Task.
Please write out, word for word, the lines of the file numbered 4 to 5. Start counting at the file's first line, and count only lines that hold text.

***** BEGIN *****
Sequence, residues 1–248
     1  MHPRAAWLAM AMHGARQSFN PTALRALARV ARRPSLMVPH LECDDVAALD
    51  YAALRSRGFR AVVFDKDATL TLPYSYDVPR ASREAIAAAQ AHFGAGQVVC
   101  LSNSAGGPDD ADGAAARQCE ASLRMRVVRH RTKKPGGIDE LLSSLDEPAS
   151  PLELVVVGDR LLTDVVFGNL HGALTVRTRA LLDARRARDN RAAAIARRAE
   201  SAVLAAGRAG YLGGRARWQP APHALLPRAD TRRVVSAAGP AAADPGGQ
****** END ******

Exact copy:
   101  LSNSAGGPDD ADGAAARQCE ASLRMRVVRH RTKKPGGIDE LLSSLDEPAS
   151  PLELVVVGDR LLTDVVFGNL HGALTVRTRA LLDARRARDN RAAAIARRAE